A dent in our sobrietyBMJ 2009; 338 doi: https://doi.org/10.1136/bmj.b1737 (Published 28 April 2009) Cite this as: BMJ 2009;338:b1737
- Debbie L Shawcross, senior lecturer and honorary consultant in hepatology, Institute of Liver Studies, King’s College Hospital, King’s College London
It began at last year’s conference of the British Association for the Study of the Liver. As I contemplated during the “symposium on alcohol” on how alcohol has ever so stealthily resulted in 4% of global deaths and disability I couldn’t help but chuckle to myself as I pondered the original meaning of symposium: a forum for men to debate, plot, and boast; in simple terms, an excuse to drink wine and have a party.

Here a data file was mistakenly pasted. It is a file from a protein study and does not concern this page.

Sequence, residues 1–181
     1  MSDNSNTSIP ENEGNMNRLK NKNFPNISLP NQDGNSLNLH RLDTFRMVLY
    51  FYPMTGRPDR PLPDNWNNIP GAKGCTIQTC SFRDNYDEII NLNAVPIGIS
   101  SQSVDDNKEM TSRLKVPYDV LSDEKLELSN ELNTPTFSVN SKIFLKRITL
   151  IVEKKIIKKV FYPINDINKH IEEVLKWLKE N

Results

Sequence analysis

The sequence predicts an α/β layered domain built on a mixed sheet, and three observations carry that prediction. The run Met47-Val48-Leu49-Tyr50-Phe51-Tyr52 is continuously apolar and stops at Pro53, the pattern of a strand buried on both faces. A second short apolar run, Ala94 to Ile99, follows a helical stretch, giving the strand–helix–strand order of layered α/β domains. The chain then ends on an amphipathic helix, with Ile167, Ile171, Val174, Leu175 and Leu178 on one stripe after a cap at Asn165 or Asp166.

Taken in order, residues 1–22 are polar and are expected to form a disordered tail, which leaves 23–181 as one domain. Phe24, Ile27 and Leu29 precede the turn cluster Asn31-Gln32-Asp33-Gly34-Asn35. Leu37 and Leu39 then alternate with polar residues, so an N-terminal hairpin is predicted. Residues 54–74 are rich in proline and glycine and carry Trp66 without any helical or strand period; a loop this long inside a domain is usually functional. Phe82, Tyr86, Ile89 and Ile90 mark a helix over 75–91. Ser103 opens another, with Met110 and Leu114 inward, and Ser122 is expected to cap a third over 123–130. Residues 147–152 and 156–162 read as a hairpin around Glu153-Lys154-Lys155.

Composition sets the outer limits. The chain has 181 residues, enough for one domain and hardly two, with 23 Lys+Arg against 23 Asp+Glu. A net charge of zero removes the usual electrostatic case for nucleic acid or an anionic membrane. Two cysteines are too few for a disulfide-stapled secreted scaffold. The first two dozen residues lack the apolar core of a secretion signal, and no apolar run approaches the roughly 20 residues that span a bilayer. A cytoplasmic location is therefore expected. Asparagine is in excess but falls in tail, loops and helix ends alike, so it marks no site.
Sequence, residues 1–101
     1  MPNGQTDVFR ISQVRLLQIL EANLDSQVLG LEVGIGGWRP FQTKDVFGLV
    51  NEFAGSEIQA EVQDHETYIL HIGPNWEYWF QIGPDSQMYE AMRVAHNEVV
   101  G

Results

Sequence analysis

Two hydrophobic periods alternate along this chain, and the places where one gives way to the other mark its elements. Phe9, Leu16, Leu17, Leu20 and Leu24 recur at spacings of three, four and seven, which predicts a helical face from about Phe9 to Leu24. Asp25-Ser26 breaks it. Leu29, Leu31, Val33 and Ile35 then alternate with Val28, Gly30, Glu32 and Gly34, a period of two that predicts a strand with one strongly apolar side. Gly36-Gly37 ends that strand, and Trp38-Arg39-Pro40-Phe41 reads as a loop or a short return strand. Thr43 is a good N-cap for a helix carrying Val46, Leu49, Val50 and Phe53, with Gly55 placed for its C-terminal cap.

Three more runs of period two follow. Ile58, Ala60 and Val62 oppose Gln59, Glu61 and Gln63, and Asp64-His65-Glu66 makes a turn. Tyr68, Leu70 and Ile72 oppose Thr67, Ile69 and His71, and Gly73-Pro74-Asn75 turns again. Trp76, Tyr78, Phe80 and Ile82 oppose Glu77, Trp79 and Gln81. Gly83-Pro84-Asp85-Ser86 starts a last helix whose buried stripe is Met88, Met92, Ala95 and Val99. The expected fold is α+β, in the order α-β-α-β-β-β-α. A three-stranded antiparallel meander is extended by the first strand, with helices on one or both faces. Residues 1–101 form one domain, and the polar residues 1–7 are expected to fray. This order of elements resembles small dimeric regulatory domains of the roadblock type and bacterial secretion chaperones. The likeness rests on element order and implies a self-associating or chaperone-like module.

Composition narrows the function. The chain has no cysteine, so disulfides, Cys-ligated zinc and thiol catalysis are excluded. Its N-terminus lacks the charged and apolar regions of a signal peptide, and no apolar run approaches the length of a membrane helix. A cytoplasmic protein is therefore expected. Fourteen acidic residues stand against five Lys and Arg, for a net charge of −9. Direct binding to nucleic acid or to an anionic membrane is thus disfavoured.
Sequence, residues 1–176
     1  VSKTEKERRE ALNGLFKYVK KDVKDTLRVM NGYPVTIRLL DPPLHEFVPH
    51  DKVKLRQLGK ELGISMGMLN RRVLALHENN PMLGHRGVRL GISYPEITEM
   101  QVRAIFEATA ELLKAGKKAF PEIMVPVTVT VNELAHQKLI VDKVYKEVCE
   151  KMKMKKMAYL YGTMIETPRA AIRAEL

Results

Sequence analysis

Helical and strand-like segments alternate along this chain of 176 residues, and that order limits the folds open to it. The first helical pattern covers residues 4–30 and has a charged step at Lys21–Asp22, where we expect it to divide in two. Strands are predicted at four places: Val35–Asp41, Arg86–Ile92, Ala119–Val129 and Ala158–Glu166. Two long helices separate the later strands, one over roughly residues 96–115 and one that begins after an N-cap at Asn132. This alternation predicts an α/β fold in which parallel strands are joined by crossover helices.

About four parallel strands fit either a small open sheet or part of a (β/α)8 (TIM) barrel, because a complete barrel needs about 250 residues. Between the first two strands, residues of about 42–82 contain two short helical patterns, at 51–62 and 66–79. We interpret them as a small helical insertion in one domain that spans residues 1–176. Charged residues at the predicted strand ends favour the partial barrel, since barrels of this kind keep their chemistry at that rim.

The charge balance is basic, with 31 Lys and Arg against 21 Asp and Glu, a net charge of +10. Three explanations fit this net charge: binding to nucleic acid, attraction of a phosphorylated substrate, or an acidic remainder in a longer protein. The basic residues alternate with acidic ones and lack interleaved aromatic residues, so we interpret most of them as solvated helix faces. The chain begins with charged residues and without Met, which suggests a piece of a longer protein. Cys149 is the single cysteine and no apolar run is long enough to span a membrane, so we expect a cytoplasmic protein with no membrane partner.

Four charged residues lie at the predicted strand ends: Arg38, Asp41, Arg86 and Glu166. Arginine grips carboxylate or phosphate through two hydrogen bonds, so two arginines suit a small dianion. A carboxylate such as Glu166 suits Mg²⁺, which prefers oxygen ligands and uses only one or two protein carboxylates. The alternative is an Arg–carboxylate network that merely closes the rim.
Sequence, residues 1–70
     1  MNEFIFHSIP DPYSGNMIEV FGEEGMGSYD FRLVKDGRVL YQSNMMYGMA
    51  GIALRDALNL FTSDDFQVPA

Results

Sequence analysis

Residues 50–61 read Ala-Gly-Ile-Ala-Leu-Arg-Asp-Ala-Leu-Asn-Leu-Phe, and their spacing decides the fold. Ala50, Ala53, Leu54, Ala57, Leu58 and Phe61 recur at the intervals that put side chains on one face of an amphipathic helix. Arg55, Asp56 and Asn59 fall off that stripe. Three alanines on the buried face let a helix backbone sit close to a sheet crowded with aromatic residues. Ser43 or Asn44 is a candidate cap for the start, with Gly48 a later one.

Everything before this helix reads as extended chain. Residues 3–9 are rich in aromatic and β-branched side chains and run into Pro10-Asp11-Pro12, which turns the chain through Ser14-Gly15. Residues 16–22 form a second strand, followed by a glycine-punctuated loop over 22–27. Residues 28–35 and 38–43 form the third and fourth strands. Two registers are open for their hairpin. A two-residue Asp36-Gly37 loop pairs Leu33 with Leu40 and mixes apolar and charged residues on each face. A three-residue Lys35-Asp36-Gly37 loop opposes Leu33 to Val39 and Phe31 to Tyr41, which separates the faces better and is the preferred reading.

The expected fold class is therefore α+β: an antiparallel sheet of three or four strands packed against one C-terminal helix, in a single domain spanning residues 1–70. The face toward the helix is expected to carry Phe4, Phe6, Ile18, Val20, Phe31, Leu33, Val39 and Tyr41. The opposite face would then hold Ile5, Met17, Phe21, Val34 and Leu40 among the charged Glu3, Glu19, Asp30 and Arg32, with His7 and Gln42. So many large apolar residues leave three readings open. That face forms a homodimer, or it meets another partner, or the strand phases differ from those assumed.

It was difficult to understand why the audience all felt distinctly uncomfortable. After all, rarely a day passes by when, as hepatologists, we don’t see a patient whose psychological or physical wellbeing has been marred by alcohol. We know that the death rate from alcoholic liver disease has doubled in the past 10 years in the United Kingdom and that its incidence has risen eightfold in the under 35s as a culture of binge drinking has evolved among young people. We have all projected that the incidence of cirrhosis will increase exponentially and that there will be a 500% greater need for liver transplantation in the next decade.1 We have heard it all before. Yet as our anxiety was gradually eased by a glass of wine at the end of the symposium, a dent was left in our sobriety.